Information Age Prayer is a site that charges you a monthly fee to say prayers for you. A typical charge is $4.95 per month to say three prayers specified by you each day.
"We use state of the art text to speech synthesizers to voice each prayer at a volume and speed equivalent to typical person praying," the company states. "Each prayer is voiced individually, with the name of the subscriber displayed on screen."
Prices, however, are dictated by the length of the prayer. As noted in the Information Age Prayer FAQ, "A discounted prayer will cost less than other prayers of similar length."
I'm fascinated by the intersection between religion and technology, as are some well-known science fiction writers. For example, if a machine can say a prayer for you, why not have a fully robotic pope and clergy?
In his 1971 story "Good News From the Vatican," writer Robert Silverberg tells the story of a robot cardinal who might one day become pope:
"Rabbi Mueller removes his sunglasses... 'I can tell you that his Eminency is tall and distinguished, with a fine voice and a gentle smile...'
'But he's mounted on wheels, isn't he?' Kenneth persists.
'On treads,' replies the rabbi, giving Kenneth a fiery, devastating look. 'Treads, like a tractor has. But I don't think treads are spiritually inferior to feet, or, for that matter, to wheels...'
'Every era gets the Pope it deserves,' Bishop Fitzpatrick observed somewhat gloomily today at breakfast. 'The proper Pope for our times is a robot, certainly...'"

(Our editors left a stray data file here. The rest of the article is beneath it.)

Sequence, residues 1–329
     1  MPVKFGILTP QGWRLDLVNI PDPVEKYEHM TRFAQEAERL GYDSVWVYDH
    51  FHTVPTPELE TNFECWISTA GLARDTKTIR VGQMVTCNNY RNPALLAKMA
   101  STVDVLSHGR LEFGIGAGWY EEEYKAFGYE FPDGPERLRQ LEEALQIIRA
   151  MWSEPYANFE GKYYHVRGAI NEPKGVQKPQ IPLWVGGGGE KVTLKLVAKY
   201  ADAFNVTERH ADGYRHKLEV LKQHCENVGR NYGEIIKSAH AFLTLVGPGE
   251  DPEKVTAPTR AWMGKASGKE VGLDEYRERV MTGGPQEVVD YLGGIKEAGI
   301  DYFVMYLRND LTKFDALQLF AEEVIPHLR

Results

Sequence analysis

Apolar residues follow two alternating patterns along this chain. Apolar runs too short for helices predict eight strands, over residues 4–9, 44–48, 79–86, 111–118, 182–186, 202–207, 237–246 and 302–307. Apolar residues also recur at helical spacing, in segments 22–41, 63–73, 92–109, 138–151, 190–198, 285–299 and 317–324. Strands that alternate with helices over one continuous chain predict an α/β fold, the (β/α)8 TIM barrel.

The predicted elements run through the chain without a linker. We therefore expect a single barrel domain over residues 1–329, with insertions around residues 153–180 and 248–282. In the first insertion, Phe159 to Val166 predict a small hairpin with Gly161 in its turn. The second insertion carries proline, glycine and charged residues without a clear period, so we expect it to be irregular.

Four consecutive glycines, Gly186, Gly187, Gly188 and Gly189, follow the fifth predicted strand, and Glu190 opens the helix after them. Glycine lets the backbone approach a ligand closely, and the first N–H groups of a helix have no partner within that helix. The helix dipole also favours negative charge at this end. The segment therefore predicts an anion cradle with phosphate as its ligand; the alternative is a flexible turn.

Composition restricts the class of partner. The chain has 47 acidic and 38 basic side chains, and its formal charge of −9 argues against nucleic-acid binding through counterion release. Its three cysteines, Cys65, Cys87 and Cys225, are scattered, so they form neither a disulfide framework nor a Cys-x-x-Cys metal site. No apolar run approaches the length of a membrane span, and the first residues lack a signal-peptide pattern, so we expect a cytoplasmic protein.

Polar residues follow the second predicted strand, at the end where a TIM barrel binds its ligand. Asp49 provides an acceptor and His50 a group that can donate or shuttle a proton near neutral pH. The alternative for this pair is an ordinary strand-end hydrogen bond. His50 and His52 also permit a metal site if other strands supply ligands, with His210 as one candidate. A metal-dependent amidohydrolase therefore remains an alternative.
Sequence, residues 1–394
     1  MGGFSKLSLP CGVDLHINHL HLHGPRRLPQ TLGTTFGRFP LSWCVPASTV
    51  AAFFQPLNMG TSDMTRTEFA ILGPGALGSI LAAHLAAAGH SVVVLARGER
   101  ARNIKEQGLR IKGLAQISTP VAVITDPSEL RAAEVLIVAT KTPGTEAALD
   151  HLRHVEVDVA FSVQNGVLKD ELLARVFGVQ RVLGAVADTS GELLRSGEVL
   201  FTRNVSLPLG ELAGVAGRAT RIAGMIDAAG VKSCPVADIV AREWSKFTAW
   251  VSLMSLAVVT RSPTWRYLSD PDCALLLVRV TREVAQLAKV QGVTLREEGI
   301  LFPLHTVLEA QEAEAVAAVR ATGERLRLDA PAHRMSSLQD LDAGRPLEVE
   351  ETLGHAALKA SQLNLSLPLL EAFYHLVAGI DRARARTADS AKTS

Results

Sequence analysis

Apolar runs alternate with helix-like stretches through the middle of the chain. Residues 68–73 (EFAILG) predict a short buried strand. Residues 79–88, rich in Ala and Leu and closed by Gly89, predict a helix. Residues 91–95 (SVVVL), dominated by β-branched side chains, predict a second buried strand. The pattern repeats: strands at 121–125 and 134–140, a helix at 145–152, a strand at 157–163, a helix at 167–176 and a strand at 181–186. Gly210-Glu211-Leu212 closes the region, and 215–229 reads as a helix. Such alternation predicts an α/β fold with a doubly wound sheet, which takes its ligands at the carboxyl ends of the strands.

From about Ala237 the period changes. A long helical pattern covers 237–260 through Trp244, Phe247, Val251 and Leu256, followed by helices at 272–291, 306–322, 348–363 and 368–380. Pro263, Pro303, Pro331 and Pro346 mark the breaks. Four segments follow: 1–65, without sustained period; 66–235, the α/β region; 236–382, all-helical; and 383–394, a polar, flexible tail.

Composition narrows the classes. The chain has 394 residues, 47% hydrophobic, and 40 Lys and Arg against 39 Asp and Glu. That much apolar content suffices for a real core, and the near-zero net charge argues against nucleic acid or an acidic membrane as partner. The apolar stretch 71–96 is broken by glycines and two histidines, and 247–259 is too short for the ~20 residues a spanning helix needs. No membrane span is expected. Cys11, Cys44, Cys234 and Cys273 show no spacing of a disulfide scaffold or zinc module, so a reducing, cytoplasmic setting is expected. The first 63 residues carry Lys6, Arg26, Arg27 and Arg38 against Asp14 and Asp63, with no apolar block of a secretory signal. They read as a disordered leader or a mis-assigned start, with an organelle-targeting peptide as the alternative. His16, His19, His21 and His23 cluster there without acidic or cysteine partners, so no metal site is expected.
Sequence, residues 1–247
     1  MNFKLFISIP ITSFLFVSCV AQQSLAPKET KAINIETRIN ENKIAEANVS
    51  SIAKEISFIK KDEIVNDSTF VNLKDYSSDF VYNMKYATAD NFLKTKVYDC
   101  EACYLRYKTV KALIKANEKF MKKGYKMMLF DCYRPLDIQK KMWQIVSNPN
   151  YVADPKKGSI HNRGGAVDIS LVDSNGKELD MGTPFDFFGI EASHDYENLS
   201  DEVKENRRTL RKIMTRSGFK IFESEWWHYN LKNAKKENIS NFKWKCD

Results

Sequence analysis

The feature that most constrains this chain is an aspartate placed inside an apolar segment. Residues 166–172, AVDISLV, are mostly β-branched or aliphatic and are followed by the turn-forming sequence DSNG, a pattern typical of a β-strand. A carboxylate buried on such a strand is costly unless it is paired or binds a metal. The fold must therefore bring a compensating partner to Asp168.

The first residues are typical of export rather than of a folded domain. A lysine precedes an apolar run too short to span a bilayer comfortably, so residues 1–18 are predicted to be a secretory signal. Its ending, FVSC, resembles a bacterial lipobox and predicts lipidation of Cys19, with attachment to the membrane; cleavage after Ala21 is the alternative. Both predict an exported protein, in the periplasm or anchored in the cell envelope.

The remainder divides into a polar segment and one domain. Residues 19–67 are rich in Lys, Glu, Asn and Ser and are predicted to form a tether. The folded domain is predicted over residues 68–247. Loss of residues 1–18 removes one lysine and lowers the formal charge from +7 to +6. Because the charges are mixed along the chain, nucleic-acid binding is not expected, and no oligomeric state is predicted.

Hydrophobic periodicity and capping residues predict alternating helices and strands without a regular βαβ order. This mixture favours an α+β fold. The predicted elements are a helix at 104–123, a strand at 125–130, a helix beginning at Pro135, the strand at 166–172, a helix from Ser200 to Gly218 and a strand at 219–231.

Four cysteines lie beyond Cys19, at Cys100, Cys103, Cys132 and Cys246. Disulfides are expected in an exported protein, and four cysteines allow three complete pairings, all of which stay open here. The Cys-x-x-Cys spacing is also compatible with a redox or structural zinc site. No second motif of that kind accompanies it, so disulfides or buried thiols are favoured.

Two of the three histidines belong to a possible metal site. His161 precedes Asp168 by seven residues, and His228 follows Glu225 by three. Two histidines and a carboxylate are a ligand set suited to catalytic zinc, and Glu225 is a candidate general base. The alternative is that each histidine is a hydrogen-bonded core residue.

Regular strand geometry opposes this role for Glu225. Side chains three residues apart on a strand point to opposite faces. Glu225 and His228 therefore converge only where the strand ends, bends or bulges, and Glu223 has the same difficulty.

In Roger Zelazny's Hugo award-winning 1967 novel Lord of Light, he describes a pray-o-mat:
"It was a machine, gleaming and metallic, before which they moved.
A man inserted a coin into the mouth of a steel tiger. The machine began to purr. He pressed buttons cast in the likenesses of animals and demons. There came then a flashing of lights along the lengths of the Nagas, the two holy serpents who twisted about the transparent face of the machine.
The man drew down upon the lever that grew from the side of the machine cast in the likeness of the tail of a fish.
A holy blue light filled the interior of the machine; the serpents pulsed redly; and there, in the midst of the light and a soft music that had begun to play a prayer wheel swung into view and began spinning at a furious pace.
The man wore a beatific expression."
I should also note that one of the manifestations of Number Six in the most recent incarnation of "Battlestar Galactica" is very religious. "Head-Six" (or "inner six") often tries to get Baltar to believe in the Cylon God and to accept his place in God's plan.
Fans of Douglas Adams might also recall the Electric Monk from "Dirk Gently's Holistic Detective Agency":
"The Electric Monk was a labour-saving device, like a dishwasher or a video recorder... Electric Monks believed things for you, thus saving you what was becoming an increasingly onerous task, that of believing all the things the world expected you to believe."
Bow your head and click, that you might see these stories more clearly:
(This Science Fiction in the News story used with permission of Technovelgy.com.)
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